How Well Do You Know the Legacy of Brown v. Board of Education?

Brown v. Board of Education, considered one of the greatest Supreme Court decisions of the 20th century, unanimously held that the racial segregation of children in public schools violated the Equal Protection Clause of the Fourteenth Amendment. But 62 years after the landmark decision, racism still plagues America’s public school systems.

Socioeconomic segregation means that the children who need the most support attend schools least likely to have the resources to meet their needs. In some metropolitan areas, the racial concentration of school poverty is so severe that black and white students effectively attend two different school systems: one for middle- and upper-middle-income white students, and the other for poor students and students of color.Worse still, the underlying prejudices of white teachers often put black students at a disadvantage.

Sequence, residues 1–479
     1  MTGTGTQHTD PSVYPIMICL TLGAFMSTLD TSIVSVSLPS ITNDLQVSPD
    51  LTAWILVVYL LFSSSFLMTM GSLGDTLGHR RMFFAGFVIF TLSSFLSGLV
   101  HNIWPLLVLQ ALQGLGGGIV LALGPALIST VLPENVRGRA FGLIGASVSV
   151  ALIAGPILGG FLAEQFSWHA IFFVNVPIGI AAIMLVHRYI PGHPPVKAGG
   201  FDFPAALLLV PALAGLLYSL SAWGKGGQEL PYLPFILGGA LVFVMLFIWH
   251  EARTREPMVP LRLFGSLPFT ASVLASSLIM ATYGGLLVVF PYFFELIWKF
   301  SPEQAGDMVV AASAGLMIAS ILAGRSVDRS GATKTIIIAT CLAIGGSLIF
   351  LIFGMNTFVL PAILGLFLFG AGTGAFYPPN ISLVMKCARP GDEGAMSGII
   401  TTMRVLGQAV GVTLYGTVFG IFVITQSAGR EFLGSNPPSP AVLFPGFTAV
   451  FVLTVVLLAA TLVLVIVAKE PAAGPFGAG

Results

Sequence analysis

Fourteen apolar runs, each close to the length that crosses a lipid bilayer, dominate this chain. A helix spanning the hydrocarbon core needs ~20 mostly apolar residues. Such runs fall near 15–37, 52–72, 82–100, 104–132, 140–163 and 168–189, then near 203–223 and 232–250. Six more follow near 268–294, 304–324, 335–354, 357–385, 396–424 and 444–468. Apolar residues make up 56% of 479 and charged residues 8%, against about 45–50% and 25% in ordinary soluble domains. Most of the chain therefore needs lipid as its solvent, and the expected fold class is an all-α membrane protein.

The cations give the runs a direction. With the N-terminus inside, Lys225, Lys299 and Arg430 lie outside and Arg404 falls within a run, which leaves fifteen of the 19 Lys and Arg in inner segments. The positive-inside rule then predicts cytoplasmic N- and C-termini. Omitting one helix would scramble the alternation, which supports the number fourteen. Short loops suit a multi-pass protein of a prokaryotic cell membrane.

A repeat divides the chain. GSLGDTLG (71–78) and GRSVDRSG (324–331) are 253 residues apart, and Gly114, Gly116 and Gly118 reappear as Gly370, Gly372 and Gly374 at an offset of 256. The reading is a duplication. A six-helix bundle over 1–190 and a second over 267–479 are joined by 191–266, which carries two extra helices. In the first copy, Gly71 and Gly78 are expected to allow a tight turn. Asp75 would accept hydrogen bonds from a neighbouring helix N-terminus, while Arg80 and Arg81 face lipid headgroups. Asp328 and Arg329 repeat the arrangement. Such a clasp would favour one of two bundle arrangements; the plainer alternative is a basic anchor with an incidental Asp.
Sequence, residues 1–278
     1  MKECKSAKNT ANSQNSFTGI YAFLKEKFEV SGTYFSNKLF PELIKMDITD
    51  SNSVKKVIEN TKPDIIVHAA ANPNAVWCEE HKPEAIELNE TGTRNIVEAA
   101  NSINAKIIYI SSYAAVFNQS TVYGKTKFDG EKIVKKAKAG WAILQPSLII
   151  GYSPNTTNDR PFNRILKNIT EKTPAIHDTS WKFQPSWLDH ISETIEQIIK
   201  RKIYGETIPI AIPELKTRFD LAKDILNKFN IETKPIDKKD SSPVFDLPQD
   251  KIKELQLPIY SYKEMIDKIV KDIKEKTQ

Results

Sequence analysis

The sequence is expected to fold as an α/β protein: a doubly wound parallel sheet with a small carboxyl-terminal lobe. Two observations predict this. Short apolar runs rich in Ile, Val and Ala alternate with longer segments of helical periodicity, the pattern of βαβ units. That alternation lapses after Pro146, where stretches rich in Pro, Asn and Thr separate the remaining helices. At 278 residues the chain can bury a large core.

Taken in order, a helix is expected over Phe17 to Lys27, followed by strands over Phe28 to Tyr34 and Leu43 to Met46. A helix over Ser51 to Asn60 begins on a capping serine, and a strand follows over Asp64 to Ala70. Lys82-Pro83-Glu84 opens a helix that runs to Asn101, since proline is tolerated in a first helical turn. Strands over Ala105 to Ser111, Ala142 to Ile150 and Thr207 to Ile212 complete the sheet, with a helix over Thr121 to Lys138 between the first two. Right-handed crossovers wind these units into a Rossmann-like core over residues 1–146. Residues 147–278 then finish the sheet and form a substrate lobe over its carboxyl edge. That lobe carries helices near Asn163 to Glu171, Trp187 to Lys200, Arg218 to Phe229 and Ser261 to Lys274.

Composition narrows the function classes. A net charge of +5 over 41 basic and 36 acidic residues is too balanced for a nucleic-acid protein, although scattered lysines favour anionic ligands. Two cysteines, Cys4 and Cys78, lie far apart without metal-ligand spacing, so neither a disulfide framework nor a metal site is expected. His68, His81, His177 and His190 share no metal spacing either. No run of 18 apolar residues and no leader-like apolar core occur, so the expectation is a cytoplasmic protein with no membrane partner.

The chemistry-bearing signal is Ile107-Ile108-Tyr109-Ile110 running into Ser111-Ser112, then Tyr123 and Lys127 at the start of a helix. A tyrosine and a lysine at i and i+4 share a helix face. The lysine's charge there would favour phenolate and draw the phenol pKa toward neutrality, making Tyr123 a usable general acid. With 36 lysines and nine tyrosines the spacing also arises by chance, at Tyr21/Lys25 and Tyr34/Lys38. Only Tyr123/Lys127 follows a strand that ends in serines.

However there are some encouraging signs as the achievement gap between white and black students is decreasing over the generations. In order for these achievement gains to increase, America’s public school systems must commit to socioeconomic diversity. The implementation of fair-housing policies and the active inclusion of low-income students into so-called “affluent” schools is a step in the right direction, but there’s a long way to go before the permanent legacy of Brown v. Board of Education is a positive one.

Test your knowledge of the after effects of Brown v Board:

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